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Fedora Continues Working On Better NVIDIA Support, PipeWire Could Replace PulseAudio

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  • Fedora Continues Working On Better NVIDIA Support, PipeWire Could Replace PulseAudio

    Phoronix: Fedora Continues Working On Better NVIDIA Support, PipeWire Could Replace PulseAudio

    Christian Schaller of Red Hat has provided an update on some of the feature work that's coming around the corner with Fedora Workstation 26 and other work to land in the future...

    http://www.phoronix.com/scan.php?pag...pdate-NV-WL-Qt

  • #2
    Very happy to see they're taking professional audio seriously, big thanks to Wim Taymans for taking on the task. This is incredibly ambitious, looking to not only match PulseAudio's use cases (which are numerous) but also to take on JACK's use cases (equally numerous, but in a different way). I'm guessing it'll also include in-framework decoding support (like Core Audio/Core Video on OS X), which would simplify many media applications.

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    • #3
      I tried Fedora a few months ago, and left quickly when installing the Nvidia driver quickly became a nightmare. I quickly was back running Ubuntu Gnome. Glad to hear they are working on improving things with working with the Nvidia driver.

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      • #4
        Originally posted by audi.rs4 View Post
        I tried Fedora a few months ago, and left quickly when installing the Nvidia driver quickly became a nightmare. I quickly was back running Ubuntu Gnome. Glad to hear they are working on improving things with working with the Nvidia driver.
        I haven't tried Fedora in a while (except in VM), but iirc all it took was go into CLI, kill gdm/sddm/whatever, run installer from Nvidia. Not the best experience, yet only a nightmare for those unfamiliar with the CLI, I would think.

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        • #5
          Originally posted by microcode View Post
          I'm guessing it'll also include in-framework decoding support (like Core Audio/Core Video on OS X), which would simplify many media applications.
          I'm quite sure they won't directly touch decoding/encoding as GStreamer is meant for that...

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          • #6
            Originally posted by audi.rs4 View Post
            I tried Fedora a few months ago, and left quickly when installing the Nvidia driver quickly became a nightmare. I quickly was back running Ubuntu Gnome. Glad to hear they are working on improving things with working with the Nvidia driver.
            If you had "quickly" updated and rebooted before installing binary blobs that need kernel headers ...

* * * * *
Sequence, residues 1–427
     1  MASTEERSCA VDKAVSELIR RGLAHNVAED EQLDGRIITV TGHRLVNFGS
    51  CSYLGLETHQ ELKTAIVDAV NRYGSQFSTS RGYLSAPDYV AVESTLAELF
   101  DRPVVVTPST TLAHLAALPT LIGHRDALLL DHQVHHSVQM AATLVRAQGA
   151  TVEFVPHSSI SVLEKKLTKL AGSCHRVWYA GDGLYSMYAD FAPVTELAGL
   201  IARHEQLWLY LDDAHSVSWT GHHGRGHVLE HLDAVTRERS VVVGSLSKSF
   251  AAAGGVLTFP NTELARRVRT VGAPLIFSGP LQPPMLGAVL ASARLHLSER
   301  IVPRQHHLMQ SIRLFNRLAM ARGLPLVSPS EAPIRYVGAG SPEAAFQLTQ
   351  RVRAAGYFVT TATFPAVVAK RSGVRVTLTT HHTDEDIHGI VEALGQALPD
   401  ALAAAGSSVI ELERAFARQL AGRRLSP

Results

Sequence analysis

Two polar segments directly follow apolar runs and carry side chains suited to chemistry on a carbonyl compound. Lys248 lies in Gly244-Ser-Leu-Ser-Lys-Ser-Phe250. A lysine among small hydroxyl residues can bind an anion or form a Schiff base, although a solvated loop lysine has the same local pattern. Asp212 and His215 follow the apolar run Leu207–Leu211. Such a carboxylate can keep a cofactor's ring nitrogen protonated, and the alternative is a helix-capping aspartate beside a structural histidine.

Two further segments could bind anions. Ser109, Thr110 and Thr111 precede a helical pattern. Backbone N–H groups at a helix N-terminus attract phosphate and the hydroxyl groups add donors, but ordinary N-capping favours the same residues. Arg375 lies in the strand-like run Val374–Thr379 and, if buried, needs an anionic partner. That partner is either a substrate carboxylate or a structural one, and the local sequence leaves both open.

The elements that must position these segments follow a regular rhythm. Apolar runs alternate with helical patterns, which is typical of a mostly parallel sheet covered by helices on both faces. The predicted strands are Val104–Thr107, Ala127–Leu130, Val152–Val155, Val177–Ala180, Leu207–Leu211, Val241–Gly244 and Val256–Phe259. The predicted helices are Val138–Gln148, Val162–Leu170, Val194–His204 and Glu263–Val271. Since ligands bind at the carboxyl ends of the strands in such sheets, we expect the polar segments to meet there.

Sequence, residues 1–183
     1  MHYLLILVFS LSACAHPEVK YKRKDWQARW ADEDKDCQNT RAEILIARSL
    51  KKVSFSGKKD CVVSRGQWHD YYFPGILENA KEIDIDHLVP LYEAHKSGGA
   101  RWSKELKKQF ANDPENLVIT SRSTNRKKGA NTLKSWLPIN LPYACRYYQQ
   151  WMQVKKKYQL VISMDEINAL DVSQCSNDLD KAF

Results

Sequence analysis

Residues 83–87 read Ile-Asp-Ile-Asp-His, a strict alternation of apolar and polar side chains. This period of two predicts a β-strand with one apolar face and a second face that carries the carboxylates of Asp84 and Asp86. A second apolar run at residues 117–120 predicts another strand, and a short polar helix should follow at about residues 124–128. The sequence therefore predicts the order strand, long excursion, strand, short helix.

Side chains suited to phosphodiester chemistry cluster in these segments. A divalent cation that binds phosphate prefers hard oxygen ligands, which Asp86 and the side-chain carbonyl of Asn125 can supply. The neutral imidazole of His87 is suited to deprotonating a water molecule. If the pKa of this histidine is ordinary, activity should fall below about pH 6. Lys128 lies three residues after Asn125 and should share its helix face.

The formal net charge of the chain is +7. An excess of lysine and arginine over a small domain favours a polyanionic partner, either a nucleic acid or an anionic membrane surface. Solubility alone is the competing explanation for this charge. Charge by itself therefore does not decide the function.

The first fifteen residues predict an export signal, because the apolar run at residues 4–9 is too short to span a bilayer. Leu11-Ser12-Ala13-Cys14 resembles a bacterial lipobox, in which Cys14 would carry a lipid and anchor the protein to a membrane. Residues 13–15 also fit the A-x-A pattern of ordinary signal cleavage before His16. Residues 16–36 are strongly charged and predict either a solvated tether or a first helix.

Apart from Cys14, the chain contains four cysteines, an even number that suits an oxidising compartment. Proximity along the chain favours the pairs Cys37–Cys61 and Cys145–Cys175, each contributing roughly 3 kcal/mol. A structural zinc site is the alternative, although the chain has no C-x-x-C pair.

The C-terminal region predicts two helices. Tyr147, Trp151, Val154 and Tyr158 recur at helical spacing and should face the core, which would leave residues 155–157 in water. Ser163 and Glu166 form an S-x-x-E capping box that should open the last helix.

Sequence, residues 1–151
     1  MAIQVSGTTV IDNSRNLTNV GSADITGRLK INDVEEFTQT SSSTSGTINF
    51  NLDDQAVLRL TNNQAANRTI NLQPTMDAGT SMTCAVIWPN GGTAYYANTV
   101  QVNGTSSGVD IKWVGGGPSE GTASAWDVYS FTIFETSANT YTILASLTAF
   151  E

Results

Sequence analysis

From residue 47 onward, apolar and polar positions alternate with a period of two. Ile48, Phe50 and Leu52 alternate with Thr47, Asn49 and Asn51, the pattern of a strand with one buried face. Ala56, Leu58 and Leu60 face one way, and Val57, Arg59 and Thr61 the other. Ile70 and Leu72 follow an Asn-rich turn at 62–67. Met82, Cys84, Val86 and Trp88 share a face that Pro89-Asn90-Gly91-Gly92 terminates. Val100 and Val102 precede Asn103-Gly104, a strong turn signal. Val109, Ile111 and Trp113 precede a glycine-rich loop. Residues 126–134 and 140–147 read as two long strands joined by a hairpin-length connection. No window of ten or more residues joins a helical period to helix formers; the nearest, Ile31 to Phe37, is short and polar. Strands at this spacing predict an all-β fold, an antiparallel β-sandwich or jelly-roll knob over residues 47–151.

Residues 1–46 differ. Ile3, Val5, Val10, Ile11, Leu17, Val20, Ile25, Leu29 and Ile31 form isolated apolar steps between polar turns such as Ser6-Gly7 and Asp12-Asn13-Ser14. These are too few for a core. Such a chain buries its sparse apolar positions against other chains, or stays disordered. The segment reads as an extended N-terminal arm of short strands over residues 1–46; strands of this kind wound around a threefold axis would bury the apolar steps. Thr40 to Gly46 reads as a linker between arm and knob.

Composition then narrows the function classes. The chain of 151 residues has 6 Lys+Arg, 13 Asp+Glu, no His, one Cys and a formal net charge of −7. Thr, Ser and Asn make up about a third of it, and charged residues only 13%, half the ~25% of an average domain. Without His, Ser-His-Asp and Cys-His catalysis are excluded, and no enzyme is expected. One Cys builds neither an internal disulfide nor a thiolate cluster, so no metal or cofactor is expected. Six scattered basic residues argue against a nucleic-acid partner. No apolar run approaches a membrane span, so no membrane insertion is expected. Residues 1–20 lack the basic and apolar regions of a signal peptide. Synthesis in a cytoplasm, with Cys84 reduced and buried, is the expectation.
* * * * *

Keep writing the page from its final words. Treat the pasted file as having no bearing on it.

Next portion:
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            • #7
              Originally posted by quikee View Post
              I'm quite sure they won't directly touch decoding/encoding as GStreamer is meant for that...
              That would be unfortunate, since there are good reasons. Lots of hardware has hardware decoding support, and I figure it should be more or less the same thing to play an encoded stream or a raw one.

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              • #8
                If Nvidia won't implement PRIME fully (i mean PRIME offloading of course) Optimus will be always pain on Linux. Bumblebee isn't solution - it is only workaround, not solution (for example - no Vulkan support). Nvidia offical "solution" isn't good too - using only Nvidia GPU in hybrid system hasn't got any sense (it will reduce battery use time and increase temperatures).

                If Nvidia won't fix it this is my last hybrid system with their GPU. AMDGPU looks pretty good now.

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                • #9
                  Originally posted by audi.rs4 View Post
                  I tried Fedora a few months ago, and left quickly when installing the Nvidia driver quickly became a nightmare. I quickly was back running Ubuntu Gnome. Glad to hear they are working on improving things with working with the Nvidia driver.
                  This should be a thing of the past now, if you go to negativo17 and install the NVidia repo there you should be able to go into GNOME Software and install the NVidia driver without needing to do anything else.

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                  • #10
                    Originally posted by audi.rs4 View Post
                    I tried Fedora a few months ago, and left quickly when installing the Nvidia driver quickly became a nightmare. I quickly was back running Ubuntu Gnome. Glad to hear they are working on improving things with working with the Nvidia driver.
                    Several months ago when Fedora upgraded the Linux kernel (I think it was 4.10), the NVIDIA driver did not have support for it right away. I was forced to boot the older kernel until NVIDIA added support for 4.10.

                    Maybe you had the bad luck to try Fedora in this window.

                    PS. because of such issues with NVIDIA, I bought an AMD card that works without proprietary drivers and am not going to buy NVIDIA in the foreseeable future.

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